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The previous session was based on the idea, that there was only one resource (one machine, one worker, one physician) doing all the work (m = 1). But what happens if the capacity is determined by more than one resource? Calculating waiting times with multiple resources involved makes it possible to derive staffing plans – or to, in other words, answer the highly important question of how many resources will need to be put to work in order to meet a waiting time requirement.
The time in the queue with multiple resources is calculated as follows:
time in queue (for multiple m)
= (activity time / m) * (utilization ^ (square ((2(m-1))-1) / 1- utilization)) * ((Cv_a^2 + Cv_p^2) / 2)
= p / m * (u ^ (square ((2*(m-1)-1) / 1-u) * ((Cv_a^2 + Cv_p^2) / 2)
If the time in the queue is known, Little’s law allows the calculation of the inventory:
inventory in queue = flow rate in queue (= 1 /a) * time in queue
inventory in process = utilization (u) * number of resources (m)
inventory in total = inventory in queue + inventory in process
Devising a staffing plan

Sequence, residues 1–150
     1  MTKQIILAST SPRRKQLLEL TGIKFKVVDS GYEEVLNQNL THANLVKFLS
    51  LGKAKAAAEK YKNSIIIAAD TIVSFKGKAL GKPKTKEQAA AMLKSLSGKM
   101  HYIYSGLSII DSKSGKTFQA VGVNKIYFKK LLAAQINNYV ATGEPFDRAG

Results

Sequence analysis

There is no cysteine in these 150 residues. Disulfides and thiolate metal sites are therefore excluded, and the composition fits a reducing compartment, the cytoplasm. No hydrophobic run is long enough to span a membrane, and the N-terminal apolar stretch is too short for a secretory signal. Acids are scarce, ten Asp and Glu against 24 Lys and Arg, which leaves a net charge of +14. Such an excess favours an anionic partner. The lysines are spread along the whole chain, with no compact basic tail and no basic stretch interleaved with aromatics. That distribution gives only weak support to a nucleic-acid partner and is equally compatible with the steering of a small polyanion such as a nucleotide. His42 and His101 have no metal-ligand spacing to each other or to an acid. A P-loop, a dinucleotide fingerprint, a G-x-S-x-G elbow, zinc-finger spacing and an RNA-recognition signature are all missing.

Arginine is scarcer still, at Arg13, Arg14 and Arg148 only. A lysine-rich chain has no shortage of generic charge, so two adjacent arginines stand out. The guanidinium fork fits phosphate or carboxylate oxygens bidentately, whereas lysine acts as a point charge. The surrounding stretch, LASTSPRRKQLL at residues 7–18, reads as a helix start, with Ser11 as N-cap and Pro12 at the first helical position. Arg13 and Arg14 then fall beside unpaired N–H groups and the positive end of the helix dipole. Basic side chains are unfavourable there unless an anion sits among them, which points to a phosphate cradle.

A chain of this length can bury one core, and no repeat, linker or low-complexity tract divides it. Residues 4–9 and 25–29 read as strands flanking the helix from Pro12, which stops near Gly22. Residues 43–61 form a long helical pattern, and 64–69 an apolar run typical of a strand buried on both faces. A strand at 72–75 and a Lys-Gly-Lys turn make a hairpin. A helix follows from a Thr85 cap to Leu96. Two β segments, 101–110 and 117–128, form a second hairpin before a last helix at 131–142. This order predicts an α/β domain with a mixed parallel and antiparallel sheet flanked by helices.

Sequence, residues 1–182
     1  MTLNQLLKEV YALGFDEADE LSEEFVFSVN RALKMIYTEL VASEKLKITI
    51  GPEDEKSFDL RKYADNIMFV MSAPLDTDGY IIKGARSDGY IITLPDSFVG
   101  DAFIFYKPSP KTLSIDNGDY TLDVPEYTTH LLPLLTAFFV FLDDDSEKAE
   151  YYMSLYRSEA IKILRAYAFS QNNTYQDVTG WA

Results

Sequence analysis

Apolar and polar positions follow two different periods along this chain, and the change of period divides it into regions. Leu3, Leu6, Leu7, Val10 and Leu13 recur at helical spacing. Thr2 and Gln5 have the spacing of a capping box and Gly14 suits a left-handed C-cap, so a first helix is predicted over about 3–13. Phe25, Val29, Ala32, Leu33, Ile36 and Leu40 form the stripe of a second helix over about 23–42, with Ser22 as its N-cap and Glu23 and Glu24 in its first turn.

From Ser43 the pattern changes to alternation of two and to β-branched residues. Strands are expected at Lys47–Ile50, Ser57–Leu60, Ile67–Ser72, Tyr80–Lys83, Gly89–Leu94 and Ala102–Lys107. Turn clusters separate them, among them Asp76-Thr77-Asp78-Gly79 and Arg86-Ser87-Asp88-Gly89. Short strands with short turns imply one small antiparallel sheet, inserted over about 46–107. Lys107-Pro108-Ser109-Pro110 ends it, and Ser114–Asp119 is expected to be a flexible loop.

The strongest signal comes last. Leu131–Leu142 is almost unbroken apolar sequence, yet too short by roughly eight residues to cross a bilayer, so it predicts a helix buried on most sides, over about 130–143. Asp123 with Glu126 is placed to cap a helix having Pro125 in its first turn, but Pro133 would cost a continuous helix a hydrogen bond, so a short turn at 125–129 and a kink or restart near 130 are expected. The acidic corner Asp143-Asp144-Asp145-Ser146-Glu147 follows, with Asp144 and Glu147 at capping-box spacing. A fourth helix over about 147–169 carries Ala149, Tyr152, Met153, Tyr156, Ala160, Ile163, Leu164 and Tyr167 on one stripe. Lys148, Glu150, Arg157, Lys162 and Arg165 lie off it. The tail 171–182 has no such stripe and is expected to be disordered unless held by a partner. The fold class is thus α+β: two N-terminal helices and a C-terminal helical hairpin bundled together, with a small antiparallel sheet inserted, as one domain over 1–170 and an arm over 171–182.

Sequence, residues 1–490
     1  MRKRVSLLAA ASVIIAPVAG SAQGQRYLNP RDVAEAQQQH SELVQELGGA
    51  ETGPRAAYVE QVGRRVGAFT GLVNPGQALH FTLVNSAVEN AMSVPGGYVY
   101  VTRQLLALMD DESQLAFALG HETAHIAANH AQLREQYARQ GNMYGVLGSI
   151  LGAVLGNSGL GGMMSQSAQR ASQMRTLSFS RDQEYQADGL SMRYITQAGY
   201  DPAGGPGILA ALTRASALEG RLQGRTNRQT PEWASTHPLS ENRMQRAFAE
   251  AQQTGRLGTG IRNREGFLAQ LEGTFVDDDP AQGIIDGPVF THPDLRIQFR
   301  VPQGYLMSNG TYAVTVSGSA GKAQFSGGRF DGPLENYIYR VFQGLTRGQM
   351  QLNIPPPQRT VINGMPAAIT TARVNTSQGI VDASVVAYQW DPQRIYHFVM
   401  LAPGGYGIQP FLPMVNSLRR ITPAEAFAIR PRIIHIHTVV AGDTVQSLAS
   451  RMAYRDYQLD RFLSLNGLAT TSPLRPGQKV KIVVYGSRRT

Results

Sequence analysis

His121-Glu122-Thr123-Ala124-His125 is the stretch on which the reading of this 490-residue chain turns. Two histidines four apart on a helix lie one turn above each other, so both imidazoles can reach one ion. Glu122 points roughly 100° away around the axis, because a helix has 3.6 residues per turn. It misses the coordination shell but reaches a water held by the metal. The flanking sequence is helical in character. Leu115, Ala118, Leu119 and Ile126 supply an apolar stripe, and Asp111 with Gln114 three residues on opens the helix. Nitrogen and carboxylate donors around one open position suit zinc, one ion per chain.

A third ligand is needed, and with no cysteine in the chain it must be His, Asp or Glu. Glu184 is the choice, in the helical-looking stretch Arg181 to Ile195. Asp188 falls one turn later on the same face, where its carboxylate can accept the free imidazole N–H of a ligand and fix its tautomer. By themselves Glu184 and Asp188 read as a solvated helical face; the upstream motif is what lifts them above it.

How many employees will it take to keep the average waiting time for a certain service under a minute? A simple way of answering such a question and coming up with a staffing plan is doing the calculation of the time in the queue and to then manipulate the number of employees until a certain average waiting time is met. When seasonal demand (seasonality) is to be observed, the calculation has to be redone for every time slice of the day, week or month in consideration.
The time in the queue is calculated as follows:
time in queue = activity time * (utilization / 1 – utilization) * ((Cv_a^2 + Cv_p^2) / 2)
activity time = service time factor (average processing time p)
(utilization / 1 – utilization) = utilization factor
((Cv_a^2 + Cv_p^2) / 2) = variability factor
Since the utilization factor is calculated as (u / 1-u), this means that as the waiting time gets higher, the utilization gets closer and closer to 1. The formula for the time in the queue always delivers an average value. This so-called waiting time formula can only be used if the demand is lower than the capacity. If the demand is higher than the capacity, the waiting time will ultimately not be driven by variability, but rather by insufficient capacity.
The total flow time of a flow object can be calculated as:
total flow time = time in the queue + processing time